A British man who was imprisoned in the United States for supporting the Taliban online has told young Muslims not to be bullied into joining Islamic State.
Babar Ahmad, 41, was jailed after pleading guilty to conspiracy and providing material to support terrorism after his websites encouraged readers to raise money, recruit fighters and get supplies for the Taliban.
In an interview with the BBC he said his support for the Taliban had been "naive".
He said: "I did it in good faith but, in hindsight, I regret doing that and it was naive of me to do that, because it was a complicated situation.
"And whatever was going on then, I didn't have to advocate support for them."
In July last year, Mr Ahmad returned to the UK having been extradited to the US on October 5, 2012.
He had fought extradition for eight years and was sentenced to 12-and-a-half years in prison by a US judge, taking into account the time he served in the UK.
The former computer expert from south London called the actions of Islamic State "alien" and said that it was not "jihad" which he described as being designed to protect innocent people from terror.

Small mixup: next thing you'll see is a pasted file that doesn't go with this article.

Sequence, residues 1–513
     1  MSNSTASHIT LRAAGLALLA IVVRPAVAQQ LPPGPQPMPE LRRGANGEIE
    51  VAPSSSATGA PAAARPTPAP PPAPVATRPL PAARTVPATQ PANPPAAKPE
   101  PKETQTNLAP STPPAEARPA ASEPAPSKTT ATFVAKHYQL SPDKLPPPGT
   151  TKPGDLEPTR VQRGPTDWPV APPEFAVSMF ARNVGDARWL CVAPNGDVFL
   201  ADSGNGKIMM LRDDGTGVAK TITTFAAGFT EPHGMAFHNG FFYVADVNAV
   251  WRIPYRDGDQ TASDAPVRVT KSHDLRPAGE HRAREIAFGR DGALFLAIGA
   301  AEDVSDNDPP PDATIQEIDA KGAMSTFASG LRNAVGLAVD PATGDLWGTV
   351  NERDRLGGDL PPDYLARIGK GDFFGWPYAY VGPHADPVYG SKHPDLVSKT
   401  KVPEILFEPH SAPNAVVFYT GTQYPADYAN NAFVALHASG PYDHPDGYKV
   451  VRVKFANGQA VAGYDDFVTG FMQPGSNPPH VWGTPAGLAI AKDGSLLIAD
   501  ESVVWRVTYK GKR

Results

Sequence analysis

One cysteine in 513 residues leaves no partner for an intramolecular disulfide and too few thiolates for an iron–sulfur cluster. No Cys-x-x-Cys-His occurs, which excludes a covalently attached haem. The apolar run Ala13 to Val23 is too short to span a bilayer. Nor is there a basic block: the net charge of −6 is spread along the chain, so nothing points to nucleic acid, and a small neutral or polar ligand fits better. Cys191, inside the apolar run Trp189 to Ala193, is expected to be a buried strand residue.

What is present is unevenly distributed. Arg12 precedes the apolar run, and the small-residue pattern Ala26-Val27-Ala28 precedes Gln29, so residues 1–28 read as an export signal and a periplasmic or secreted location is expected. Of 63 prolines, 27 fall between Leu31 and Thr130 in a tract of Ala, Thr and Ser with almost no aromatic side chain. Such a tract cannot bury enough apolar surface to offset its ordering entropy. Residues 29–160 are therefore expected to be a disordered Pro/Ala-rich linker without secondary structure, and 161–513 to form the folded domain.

He urged young Muslims not to become pawns and said: "Don't let anyone bully you, that the only way to paradise is by bringing misery upon innocent people who have done nothing to you."
In March 2009, Scotland Yard admitted that Mr Ahmad was subjected to violent assaults and religious abuse when he was first arrested in 2003 and agreed to pay him £60,000 in damages after he brought a personal injury case at the High Court.
But the four policemen who were charged with beating him up were cleared by a jury in 2011 after a month-long trial.